Bossa Nova Kitchen

Brazilian cuisine is growing. Gavin Mcowan, from The Guardian, wrote an article about the news that Brazilian restaurants are bringing to the country and the world.
It is not surprising that the recognition was made by the Restaurant Magazine, organizer of the ranking of the 50 best restaurants in the world. Mcowan visited the two placed here, SUN, by Alex Atala (6th place) and Mani, by Helena Rizzo and Daniel Redono (46th in the ranking). Both award-winning spaces are located in São Paulo and have Brazilian ingredients on their menus.
Yeah. It seems strange to us, right? “How is it going to get a world class restaurant with jaboticaba?” Jabuticaba, yes. And cassava, and beans, honey. The justification is simple. Why try to achieve the feats of European gastronomy with ingredients other than ours? To revere the unpublished raw materials that Brazil provides us is an attitude worthy of applause. Liked it. And Mcowan too.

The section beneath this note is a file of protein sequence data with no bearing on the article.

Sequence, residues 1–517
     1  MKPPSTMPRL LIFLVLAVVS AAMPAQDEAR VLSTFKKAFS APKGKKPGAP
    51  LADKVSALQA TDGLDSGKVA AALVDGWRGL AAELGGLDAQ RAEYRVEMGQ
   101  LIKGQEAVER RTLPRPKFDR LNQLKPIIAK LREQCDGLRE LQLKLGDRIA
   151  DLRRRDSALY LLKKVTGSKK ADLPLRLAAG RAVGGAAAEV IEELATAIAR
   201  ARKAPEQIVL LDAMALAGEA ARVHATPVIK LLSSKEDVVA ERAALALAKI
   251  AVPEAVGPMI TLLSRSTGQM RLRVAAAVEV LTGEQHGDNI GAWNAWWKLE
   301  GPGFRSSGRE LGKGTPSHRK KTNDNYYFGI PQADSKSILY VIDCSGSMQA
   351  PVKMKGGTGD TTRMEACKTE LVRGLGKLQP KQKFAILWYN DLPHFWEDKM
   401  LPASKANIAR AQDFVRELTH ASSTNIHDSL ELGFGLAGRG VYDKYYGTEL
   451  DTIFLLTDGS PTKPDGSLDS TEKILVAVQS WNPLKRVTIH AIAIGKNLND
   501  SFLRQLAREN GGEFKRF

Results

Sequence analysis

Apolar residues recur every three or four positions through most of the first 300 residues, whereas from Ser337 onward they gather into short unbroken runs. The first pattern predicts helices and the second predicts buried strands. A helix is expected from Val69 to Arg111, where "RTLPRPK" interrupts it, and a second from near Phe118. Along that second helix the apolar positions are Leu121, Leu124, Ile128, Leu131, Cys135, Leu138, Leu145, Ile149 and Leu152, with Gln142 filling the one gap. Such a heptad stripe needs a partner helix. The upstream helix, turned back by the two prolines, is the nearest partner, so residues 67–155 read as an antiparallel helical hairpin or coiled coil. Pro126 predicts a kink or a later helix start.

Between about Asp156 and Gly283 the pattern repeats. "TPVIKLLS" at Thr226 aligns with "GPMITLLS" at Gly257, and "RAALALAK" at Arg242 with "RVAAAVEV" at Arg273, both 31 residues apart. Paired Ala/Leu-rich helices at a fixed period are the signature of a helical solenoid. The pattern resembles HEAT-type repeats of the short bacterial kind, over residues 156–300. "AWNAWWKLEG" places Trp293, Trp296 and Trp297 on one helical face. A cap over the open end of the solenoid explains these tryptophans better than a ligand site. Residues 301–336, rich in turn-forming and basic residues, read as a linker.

Our kitchen is entering the Bossa Nova movement, as the food critic at Folha, Josimar Melo, said. When renewing Brazilian music in the late 50’s, combining a gringa beat, jazz, at a local rhythm, samba, Bossa Nova was born and brought Brazil together. Josimar explains: “A new generation of chefs is not limited to copying foreign influences; instead, they are applying European techniques to Brazilian ingredients. ”
Something tells me that Cozinha Bossa & Malagueta is on the right track! Do you agree? ?
To read the complete article, click here.

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